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Our views 31 October 2022

JP’s Journal: The UK yield premium

5 min read

We can all probably agree that the recent political shambles has reflected badly on the UK. However, let me try to put it into perspective.

If we look at markets over a six-month period – to capture the embers of Boris Johnson, the Conservative Party election process and the implosion of Liz Truss’s government – we can see that market repricing is a global event. UK 10-and 30-year gilt yields are up 150bps, whilst real yields have risen more. In the US, the increase in nominal yields has been around 120bps with a similar rise in Germany and France. Again, real yields in these areas have risen a bit more than nominal rates. So it looks like we’ve seen a 30bps premium for UK government bonds as a result of the political turmoil. There may be a lot of other factors at work, but I think that recent events have given the UK a higher risk premium.

Is this just the UK?

The question is whether this is justified. There is always the temptation to be self-critical. Yes, there is no hiding from the turmoil we have gone through. But let’s look through a different lens. The UK’s constitutional arrangements have worked. We have transitioned smoothly to a new Head of State, there has been no storming of Parliament and political discourse remains, generally, civil. Contrast that with the US, where in recent years the Legislature has been violently stormed, where political debate is malicious and the right of the President to exercise executive powers is disputed. And this is before mid-term elections which may usher in two years of paralysis in government.

In recent years we have seen the UK setting trends that others follow. What we have just seen is a clumsy attempt to confront deep seated economic problems. The transition to a higher interest rate regime, coupled with inflation and slow real economic growth will dominate global politics for a long time to come. Perhaps our institutions may cope with this better than others – let’s see.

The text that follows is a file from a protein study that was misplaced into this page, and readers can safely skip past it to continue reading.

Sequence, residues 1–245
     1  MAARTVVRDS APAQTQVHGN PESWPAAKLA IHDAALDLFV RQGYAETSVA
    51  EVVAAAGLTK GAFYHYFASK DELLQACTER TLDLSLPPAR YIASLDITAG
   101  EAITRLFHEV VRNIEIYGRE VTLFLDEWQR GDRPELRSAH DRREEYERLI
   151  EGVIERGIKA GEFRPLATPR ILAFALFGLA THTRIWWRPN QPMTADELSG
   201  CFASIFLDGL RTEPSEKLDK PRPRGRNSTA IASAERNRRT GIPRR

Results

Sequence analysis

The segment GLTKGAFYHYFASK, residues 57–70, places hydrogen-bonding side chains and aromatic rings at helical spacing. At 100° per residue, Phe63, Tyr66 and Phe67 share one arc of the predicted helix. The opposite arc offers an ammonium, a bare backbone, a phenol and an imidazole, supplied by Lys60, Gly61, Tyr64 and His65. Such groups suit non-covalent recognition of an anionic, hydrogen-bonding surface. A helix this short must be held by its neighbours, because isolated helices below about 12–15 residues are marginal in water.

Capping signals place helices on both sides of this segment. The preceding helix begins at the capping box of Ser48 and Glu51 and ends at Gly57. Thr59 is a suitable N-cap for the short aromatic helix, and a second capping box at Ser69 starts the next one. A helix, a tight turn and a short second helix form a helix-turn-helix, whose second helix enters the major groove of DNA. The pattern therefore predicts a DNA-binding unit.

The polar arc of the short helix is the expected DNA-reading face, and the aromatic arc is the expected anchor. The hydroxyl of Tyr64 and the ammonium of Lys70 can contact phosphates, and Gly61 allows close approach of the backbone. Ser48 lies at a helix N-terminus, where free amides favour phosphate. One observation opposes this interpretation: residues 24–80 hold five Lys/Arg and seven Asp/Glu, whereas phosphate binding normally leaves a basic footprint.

The challenge in the eurozone will be to keep countries towing the same line. This will not be easy as populist parties gain ground in some areas. We are already seeing challenges in Italy to the European Central Bank’s (ECB) intention to tighten policy. So last week’s 75bps rate hike and signal of further moves will only add to the tension. The ECB remains of the view that euro area inflation is far too high – exemplified by German inflation now exceeding that of the UK. With warnings that it needs to guard against the risk of a persistent upward shift in inflation expectations, it is clear that the hawks are in control – despite the dovish spin playing out in markets.

UK bonds see rebound

Looking at last week’s moves we can see that there was a big move down in UK government bond yields and whilst the trend was mirrored in other markets the change was greatest for gilts, where 10-year yields finished below 3.5%. Real yields rallied strongly, moving close to zero in many maturities. This reflected the fiscal orthodoxy outlined by the new Prime Minister and a bounce back from the 'collateral selling' endured in recent weeks.

Sterling credit markets also saw an improvement. This can be measured in serval ways. At an index level, the yield premium over government bonds contracted, although still towards the higher end of the 2022 range. Dealing costs came down a bit more – but are still above levels seen a few months ago. We continue to see buying of higher quality and longer dated debt as pension funds look to take advantage of the higher 'all-in' yields. Indeed, one of the trends I expect to see through 2023 is the move to reduce risk (through the buying of publicly quoted bonds) for those funds where the move up in government bond yields has been a real positive.

To end on another observation. When I woke up on the 26 September, the radio headlines were about sterling trading at 1.035 USD – a sharp fall in Asian markets reflecting a loss of confidence in the UK. In the following days, the UK was compared to emerging markets with several forecasters expecting an imminent fall to parity. Let’s be clear, I am not a currency analyst and my record, when pushed, has been poor. But the UK is not like an emerging market and such comparisons reflect poorly on the quality of the analysis undertaken. Certainly, from my parochial viewpoint, I would ask of detractors: “Why do you note the splinter in your brother's eye and fail to see the plank in your own eye”. UK assets look cheap to me.


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